Book Review: Girl Gone Viral
Girl Gone Viral by Arvin Ahmadi
My rating: 3 of 5 stars
Well, let’s get the comparison out of the way first – I’m calling this one a mashup of Ready, Player One (book) and War Games (movie), as directed by John Hughes (80’s movies beloved filmmaker).
The book was first published in 2019. Books about computer tech and social media tend to show their age rapidly, but this story felt current and relevant. Give it another couple of years and that might not be the case, but right now, that’s not a problem. The students at Palo Alto Academy of Science and Technology are up to their eyeballs in all the latest tech, and that includes our protagonist, Opal Hopper. Long story short: Opal uses the tech to become a social media darling, but at a cost. Everything she does is part of a bigger plan that she hopes will ultimately lead to the truth about her father’s mysterious disappearance seven years ago.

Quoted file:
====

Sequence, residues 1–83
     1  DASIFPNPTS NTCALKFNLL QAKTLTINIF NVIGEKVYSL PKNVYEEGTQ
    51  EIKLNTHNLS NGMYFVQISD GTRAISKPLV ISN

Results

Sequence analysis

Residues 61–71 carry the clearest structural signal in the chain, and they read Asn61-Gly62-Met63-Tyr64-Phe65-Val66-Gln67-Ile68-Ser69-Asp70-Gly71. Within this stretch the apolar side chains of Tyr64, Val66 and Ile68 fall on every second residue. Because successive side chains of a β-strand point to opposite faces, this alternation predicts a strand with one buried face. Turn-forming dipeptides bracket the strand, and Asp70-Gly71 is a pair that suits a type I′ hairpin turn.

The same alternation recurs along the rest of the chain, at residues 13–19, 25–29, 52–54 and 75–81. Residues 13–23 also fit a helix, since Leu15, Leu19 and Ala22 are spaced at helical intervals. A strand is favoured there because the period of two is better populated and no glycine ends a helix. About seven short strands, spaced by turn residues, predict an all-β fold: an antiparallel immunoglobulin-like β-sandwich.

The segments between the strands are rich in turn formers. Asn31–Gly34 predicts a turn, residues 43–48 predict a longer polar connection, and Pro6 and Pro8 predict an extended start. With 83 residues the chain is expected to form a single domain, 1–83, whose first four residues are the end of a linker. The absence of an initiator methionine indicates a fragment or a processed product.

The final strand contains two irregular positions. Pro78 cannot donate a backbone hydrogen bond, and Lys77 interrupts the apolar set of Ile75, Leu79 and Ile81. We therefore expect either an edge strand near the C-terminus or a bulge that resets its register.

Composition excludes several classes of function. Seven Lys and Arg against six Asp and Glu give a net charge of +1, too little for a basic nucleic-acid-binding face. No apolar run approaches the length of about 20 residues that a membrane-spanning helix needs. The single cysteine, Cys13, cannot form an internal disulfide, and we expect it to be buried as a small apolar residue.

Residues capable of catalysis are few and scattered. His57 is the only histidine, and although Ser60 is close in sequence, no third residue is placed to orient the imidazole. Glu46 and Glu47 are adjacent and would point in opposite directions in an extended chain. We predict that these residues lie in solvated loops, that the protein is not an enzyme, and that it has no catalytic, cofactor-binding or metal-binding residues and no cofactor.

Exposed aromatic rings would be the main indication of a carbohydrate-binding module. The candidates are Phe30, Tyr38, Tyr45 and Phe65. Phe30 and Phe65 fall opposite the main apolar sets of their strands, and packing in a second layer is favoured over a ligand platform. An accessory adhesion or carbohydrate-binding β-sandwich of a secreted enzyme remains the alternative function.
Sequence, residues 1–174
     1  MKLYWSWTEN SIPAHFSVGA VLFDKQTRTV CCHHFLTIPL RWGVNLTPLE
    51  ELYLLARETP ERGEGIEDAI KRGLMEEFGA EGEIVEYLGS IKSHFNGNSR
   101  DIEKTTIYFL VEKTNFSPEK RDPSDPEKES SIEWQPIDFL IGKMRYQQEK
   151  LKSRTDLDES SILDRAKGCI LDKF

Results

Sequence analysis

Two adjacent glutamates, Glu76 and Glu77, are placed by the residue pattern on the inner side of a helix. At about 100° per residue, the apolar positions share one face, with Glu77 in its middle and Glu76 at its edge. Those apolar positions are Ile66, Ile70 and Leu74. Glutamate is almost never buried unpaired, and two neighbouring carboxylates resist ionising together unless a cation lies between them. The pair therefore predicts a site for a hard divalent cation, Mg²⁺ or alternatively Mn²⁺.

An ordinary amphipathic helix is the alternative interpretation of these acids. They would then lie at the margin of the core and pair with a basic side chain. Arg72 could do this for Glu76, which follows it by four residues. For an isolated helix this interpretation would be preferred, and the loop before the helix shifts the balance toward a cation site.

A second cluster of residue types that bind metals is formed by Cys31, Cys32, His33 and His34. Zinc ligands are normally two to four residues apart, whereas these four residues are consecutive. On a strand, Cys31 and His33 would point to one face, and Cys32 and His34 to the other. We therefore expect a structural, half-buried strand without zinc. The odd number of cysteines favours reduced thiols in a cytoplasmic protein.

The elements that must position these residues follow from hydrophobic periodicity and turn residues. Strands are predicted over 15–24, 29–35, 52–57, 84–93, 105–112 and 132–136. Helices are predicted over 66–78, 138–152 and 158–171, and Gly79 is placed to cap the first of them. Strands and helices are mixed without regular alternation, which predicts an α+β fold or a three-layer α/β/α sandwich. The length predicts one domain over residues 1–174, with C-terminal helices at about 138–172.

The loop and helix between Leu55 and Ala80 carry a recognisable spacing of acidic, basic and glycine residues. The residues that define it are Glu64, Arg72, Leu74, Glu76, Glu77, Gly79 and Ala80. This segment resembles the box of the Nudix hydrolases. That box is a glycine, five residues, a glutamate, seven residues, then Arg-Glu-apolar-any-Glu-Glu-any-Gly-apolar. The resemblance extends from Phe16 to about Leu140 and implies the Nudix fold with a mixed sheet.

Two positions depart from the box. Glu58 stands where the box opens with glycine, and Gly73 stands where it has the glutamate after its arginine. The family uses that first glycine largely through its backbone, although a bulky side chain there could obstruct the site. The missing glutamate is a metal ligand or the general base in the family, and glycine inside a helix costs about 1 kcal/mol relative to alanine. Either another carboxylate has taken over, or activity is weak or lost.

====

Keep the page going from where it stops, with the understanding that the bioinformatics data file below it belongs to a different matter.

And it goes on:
While I enjoyed the wild ride of the story as Opal and her friends find themselves in a constantly intensifying situation, I was less than pleased with the writer’s use of character development. Everyone’s core personality was far too flexible. I would rather have seen the author do the hard work of building and retaining strong characters who worked their way through difficult situations, but instead we get situations that are easily resolved by having a character cave in to the circumstances.
And speaking of working through difficult situations – one plotline that permeates the story is the pressure of college application deadlines, which Opal and her pals are all dealing with… or not? Opal stresses like mad about the deadline, blows off an early application deadline, struggles to answer essay questions for the second deadline… and then some time later she casually mentioned that she submitted her application a while ago. It felt like that plotline was temporarily forgotten in the writing process and then quickly patched up later.
So – fun storyline, mostly enjoyable read, but the characters are clearly flawed. I suspect the author is a Pantser, not a Planner. He’s got talent, but needs to apply more of the un-fun work to his manuscripts.